Freedom's Sword: The NAACP and the Struggle against Racism in America, 1909-1969

Synopsis

Freedom's Sword is the first history to detail the remarkable, lasting achievements of the NAACP's first sixty years. From its pivotal role in overturning the Jim Crow laws in the South to its twenty-year court campaign that culminated with Brown v. the Board of Education, the NAACP has been at the forefront of the struggle against American racism. Gilbert Jonas, a fifty-year veteran of the organization, tracks America's political and social landscape period by period, as the NAACP grows to 400,000 members and is recognized by both blacks and whites as the leading force for social justice.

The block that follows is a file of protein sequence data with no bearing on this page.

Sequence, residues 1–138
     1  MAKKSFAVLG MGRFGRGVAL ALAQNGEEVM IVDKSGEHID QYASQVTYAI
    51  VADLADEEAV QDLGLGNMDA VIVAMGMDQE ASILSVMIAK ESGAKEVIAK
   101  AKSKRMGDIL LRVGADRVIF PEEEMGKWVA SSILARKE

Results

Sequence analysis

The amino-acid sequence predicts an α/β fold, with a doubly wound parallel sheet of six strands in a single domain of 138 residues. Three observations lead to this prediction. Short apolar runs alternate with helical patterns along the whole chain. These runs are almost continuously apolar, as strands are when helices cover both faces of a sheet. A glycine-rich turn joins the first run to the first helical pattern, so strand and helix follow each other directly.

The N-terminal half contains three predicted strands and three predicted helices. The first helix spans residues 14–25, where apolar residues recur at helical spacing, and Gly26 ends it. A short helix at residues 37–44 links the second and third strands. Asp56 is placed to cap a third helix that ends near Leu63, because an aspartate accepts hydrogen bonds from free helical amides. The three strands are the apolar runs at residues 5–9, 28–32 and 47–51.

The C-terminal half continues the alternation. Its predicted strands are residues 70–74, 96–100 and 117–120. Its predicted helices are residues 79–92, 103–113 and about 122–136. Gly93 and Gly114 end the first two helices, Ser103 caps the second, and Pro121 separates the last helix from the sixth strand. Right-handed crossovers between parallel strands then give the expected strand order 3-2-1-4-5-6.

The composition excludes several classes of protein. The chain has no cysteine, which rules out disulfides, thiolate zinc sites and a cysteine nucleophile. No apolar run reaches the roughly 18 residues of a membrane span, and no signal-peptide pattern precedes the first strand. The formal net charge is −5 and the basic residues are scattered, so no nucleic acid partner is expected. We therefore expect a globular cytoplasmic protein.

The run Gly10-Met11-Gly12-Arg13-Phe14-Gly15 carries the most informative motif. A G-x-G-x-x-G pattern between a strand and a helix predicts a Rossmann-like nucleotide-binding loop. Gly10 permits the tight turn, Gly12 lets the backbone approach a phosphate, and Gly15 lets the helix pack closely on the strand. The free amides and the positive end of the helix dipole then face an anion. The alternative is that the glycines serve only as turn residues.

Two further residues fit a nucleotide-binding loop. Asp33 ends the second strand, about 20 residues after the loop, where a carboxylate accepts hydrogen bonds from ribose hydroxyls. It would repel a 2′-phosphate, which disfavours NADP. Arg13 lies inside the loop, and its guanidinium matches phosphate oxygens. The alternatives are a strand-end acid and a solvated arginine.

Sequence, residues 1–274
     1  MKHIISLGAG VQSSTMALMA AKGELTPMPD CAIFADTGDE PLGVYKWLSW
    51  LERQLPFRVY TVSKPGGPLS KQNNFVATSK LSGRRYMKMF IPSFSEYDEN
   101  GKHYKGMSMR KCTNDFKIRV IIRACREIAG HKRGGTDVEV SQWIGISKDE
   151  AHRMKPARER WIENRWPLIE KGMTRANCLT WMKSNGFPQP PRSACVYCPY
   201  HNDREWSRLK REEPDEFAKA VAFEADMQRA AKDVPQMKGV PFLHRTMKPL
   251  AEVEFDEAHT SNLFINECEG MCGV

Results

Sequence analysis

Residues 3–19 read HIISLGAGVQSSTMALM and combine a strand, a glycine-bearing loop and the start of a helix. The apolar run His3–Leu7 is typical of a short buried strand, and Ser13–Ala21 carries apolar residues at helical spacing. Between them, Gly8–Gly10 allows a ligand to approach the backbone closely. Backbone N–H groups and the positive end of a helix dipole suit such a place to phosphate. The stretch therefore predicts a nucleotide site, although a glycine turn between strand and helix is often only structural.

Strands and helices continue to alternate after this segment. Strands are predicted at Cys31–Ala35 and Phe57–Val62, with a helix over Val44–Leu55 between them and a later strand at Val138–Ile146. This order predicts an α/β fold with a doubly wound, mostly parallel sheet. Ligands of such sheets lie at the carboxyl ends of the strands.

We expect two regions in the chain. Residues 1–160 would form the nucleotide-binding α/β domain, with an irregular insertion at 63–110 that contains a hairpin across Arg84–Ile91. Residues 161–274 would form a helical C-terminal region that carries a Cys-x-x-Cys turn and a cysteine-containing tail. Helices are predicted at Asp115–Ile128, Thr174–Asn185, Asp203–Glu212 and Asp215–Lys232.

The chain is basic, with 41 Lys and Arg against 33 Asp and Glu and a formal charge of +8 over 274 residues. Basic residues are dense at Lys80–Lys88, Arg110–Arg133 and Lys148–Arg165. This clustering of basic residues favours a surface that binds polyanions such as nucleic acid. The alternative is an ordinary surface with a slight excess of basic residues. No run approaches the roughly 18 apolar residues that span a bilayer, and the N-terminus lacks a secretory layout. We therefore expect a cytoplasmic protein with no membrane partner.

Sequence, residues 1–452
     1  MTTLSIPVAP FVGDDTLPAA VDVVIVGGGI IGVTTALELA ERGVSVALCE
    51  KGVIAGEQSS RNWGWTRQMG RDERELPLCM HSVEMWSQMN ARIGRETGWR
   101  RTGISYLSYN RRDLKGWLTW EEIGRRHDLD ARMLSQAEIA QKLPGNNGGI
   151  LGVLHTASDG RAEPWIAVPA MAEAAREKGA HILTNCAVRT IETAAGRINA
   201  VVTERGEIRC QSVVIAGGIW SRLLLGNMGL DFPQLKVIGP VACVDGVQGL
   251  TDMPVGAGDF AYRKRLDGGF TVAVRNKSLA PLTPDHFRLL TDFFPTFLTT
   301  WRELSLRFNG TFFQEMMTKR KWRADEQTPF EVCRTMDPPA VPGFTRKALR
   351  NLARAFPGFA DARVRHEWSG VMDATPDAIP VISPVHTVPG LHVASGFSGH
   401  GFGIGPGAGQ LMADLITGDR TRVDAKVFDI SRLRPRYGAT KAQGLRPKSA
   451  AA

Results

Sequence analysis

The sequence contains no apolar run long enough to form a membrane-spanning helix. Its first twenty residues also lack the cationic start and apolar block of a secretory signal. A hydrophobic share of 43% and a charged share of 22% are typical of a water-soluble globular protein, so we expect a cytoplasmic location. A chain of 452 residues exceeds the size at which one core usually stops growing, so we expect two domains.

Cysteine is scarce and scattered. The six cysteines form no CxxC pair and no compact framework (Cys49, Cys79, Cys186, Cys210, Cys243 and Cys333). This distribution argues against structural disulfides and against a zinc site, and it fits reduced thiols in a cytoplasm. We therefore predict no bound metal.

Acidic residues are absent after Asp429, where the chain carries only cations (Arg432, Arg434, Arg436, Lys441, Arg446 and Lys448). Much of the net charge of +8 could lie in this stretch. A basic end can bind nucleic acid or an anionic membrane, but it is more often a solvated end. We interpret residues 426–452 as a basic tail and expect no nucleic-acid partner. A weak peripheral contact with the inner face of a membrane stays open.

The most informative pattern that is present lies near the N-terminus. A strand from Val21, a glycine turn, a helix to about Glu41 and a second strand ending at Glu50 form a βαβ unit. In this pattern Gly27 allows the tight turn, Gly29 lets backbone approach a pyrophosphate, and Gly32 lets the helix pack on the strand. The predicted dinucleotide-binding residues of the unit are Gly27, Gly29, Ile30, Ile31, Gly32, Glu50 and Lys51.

Jonas recounts the historic combined efforts of ordinary citizens and black leaders such as W. E. B. Dubois, James Weldon Johnson, and Thurgood Marshall to root out white-only political primaries, separate schools, and segregated city buses. Freedom's Sword is a vivid and passionately written account of the single most influential secular organization in black America.